West Toronto Diamond

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Coordinates: 43°40′02″N 79°27′36″W / 43.66722°N 79.46000°W / 43.66722; -79.46000 The West Toronto Diamond is a Canadian railway junction in Toronto, Ontario. It connects the Metrolinx Weston Subdivision, which carries the GO Transit Kitchener line, UP Express and Via Rail Corridor passenger services, to the CP North Toronto Subdivision, which is the Canadian Pacific Railway's main freight line across Toronto. It is located near the intersection of Keele Street and Dundas Street in Toronto.

The West Toronto Diamond is often referred to as "the junction" and gives Toronto's The Junction neighbourhood its name.

History[edit]

The junction was originally controlled by a complex interlocking built by Saxby and Farmer which controlled 21 switches, derails and locks, plus 17 signals. The interlocking was controlled from an interlocking tower located at the centre of the junction. In 1965 the interlocking was converted from local control to remote control, operated by the CP Toronto Terminal RTC in Montreal.

Both CN and CP had stations named West Toronto adjacent to the junction. The CN station, served by trains on the route to London via Guelph and Kitchener, was on the east side of the CN tracks at Old Weston Road and Junction Road. It closed in 1988.[1]

CP's West Toronto station was a more notable structure, on the west side of the CP tracks at Old Weston Road and Dupont Street. The station was closed when its last remaining train service, The Canadian to Vancouver, was rerouted in 1978.[2] Heritage interests had been talking to politicians about having it preserved when CP abruptly demolished the building on November 25, 1982.[3] It was one of a series of demolitions of closed stations they had carried out about that time, at least once using similar tactics.[4] After the demolition the company rebuilt the junction curves used by the new Milton line GO trains on a gentler alignment. The company claimed that this had been urgently necessary, that they had "tried" to give notice, that as a federally regulated company they did not need municipal permission, and that since the building was already closed it was no longer a station and so they did not need federal permission either.[3] However, the Canadian Transport Commission ruled on May 3, 1983, that the demolition was illegal.[5]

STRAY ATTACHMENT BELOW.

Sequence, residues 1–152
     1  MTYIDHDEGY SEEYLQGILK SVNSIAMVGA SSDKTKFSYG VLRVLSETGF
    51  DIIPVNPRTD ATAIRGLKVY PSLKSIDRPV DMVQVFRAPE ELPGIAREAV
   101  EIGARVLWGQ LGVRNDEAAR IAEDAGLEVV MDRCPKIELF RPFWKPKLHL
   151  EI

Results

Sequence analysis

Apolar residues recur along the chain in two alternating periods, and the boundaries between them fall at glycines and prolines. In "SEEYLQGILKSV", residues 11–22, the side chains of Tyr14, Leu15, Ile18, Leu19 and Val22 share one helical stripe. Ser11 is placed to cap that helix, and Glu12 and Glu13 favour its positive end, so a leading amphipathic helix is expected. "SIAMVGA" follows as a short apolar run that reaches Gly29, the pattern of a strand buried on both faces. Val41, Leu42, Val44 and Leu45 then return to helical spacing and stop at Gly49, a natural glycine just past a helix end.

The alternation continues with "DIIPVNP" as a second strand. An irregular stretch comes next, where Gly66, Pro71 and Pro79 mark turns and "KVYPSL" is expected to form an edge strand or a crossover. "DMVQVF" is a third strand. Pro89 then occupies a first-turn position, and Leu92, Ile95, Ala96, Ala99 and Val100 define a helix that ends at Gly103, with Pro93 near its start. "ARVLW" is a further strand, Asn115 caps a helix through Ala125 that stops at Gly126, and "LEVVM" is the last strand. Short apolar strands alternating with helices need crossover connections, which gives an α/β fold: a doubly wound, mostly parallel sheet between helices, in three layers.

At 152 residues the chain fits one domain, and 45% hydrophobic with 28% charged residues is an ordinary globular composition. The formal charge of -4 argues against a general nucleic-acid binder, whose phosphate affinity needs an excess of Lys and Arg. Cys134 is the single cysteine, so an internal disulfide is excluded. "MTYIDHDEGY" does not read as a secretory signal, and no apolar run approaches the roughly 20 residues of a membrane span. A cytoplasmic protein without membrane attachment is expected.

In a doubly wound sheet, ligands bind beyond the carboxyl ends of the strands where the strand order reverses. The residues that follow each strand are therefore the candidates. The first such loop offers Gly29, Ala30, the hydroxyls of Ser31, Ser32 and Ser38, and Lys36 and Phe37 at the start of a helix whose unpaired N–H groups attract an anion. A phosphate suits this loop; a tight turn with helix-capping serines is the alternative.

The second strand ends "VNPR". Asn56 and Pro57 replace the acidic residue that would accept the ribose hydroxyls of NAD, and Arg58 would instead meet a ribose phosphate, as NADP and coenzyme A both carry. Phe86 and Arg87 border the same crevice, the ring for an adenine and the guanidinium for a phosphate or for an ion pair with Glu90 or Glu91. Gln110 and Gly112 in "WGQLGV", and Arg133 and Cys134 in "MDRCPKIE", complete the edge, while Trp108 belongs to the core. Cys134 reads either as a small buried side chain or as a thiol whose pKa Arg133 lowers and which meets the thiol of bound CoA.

Grade Separation[edit]

In April 2008, Metrolinx bought the Weston Sub from CN Rail to allow them to expand the railway to support increased train service along the corridor.

The junction was grade separated to move the Metrolinx Weston subdivision into a trench, passing underneath the CP North Toronto subdivision. The project was designed to accommodate a widened Weston subdivision, increasing from 2 tracks to 4. The new underpass began operation on May 26, 2014.

The cost to do this separation is close to $500 million, but will be paid back in full in a matter of years as more trains are added to all lines.[citation needed]

References[edit]

  1. ^ Via Rail timetables (with and without service), May 1 and October 30, 1988, reproduced in The Official Railway Guide, Aug/Sep 1988 and May/Aug 1989 issues respectively.
  2. ^ Via Rail "Western Transcontinental Services" timetables (with and without service), June 1 and October 29, 1978.
  3. ^ a b Ross Laver (November 26, 1982). "Station razed, Toronto to sue CP". Globe and Mail. Toronto. pp. 1–2. 
  4. ^ Orland French (December 1, 1982). "Toothless side of act revealed". Globe and Mail. Toronto. p. 7. 
  5. ^ Ross Laver (May 4, 1983). "Wrecking of station unlawful, CTC rules". Globe and Mail. Toronto. pp. 1–2. 

External links[edit]